MRM -
Approval 16 Sep 2014
Last Review Mission -
Last PDS Update 31 Mar 2016

TA 8735-PAK

Milestones
Approval Signing Date Effectivity Date Closing
Original Revised Actual
16 Sep 2014 - 16 Sep 2014 30 Sep 2015 - -
Financing Plan/TA Utilization Cumulative Disbursements
ADB Cofinancing Counterpart Total Date Amount
Gov Beneficiaries Project Sponsor Others
225,000.00 0.00 0.00 0.00 0.00 0.00 225,000.00 16 Sep 2014 181,268.82

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Safeguard Documents See also: Safeguards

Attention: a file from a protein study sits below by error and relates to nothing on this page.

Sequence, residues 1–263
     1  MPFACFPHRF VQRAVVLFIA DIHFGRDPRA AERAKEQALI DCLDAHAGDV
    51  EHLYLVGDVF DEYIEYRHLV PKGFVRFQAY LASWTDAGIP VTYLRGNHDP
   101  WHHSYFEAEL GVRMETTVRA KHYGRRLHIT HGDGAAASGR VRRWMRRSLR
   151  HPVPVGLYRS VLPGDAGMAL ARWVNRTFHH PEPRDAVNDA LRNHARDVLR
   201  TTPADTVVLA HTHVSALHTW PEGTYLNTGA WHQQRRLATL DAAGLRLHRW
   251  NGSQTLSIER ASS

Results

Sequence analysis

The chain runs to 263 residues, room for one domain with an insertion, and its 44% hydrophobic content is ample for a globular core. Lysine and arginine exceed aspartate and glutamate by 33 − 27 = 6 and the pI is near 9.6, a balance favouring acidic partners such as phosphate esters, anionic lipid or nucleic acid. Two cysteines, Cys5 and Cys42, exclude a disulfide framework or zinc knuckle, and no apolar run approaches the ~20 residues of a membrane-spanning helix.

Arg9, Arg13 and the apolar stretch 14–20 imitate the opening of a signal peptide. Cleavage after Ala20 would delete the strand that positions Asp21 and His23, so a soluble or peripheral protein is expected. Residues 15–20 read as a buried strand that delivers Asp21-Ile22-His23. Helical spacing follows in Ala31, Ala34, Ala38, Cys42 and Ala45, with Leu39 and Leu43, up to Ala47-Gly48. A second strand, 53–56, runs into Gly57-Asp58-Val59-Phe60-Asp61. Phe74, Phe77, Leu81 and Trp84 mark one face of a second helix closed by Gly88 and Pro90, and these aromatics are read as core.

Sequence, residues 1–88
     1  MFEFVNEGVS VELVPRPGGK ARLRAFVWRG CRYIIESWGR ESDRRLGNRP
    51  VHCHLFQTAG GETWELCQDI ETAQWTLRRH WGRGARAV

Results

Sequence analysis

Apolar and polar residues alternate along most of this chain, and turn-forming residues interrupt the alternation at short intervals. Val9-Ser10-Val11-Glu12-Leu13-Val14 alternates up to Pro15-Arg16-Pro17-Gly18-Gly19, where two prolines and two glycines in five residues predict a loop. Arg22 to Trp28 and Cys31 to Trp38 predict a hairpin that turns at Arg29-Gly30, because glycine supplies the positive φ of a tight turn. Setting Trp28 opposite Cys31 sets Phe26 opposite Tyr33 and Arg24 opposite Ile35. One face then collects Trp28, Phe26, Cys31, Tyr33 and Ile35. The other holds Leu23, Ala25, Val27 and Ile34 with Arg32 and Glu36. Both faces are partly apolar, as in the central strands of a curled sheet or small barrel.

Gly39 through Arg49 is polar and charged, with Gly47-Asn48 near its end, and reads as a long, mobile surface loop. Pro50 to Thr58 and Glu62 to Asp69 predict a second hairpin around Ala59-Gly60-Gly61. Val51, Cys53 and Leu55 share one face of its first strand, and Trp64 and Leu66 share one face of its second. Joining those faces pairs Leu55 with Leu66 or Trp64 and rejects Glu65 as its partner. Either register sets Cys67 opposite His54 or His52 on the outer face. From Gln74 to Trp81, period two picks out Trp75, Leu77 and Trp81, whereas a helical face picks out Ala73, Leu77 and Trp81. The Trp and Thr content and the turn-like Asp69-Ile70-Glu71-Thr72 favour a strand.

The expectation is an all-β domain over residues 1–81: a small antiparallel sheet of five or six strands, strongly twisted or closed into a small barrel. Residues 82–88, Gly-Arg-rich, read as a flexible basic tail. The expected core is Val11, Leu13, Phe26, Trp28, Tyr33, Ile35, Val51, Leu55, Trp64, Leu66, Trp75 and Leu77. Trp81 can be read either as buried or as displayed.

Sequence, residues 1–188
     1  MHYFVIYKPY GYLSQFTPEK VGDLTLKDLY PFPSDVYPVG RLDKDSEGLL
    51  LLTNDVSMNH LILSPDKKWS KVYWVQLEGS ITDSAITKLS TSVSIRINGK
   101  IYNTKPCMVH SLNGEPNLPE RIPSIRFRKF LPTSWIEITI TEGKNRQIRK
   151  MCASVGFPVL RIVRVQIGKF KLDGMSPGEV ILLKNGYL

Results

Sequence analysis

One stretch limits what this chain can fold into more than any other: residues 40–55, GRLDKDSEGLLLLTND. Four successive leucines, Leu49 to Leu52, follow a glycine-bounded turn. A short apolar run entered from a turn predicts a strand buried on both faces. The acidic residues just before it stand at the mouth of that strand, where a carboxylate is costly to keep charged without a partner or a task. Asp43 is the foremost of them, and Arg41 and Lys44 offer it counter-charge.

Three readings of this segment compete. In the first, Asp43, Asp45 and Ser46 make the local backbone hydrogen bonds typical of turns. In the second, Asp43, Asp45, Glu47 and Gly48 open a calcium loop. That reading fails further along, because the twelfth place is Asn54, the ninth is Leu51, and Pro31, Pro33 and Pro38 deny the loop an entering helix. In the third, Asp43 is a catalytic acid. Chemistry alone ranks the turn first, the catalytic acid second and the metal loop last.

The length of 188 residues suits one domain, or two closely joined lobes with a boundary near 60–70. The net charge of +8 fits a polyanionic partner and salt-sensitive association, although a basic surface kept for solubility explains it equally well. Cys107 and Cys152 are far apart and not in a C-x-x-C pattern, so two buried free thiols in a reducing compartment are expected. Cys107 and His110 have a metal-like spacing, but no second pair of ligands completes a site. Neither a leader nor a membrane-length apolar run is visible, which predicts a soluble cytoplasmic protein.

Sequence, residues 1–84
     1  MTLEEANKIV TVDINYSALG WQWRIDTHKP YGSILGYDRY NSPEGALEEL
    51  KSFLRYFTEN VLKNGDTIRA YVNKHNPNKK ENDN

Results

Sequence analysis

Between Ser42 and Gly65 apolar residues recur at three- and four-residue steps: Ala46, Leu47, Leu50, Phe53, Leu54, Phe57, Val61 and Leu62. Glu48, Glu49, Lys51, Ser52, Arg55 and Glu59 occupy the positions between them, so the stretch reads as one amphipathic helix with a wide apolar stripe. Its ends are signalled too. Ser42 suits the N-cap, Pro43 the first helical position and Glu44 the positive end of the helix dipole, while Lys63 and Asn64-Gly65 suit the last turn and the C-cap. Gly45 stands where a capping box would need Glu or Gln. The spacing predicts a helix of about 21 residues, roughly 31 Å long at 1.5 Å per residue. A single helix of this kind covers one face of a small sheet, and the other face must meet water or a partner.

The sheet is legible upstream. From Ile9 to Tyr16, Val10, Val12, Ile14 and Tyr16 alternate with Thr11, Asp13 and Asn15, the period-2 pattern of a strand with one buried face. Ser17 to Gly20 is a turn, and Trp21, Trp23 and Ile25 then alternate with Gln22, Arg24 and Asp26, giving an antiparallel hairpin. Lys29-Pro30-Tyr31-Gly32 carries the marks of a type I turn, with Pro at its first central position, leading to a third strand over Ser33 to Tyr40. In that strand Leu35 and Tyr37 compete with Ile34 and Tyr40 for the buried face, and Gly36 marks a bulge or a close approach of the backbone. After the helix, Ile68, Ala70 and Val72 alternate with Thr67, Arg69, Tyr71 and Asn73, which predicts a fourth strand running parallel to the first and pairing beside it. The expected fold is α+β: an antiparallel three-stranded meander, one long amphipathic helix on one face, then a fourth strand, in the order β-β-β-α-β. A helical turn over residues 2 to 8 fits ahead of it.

Safeguard documents provided at the time of project/facility approval may also be found in the list of linked documents provided with the Report and Recommendation of the President.

None currently available.

Evaluation Documents See also: Independent Evaluation

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Related Publications

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Tenders

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Procurement Plan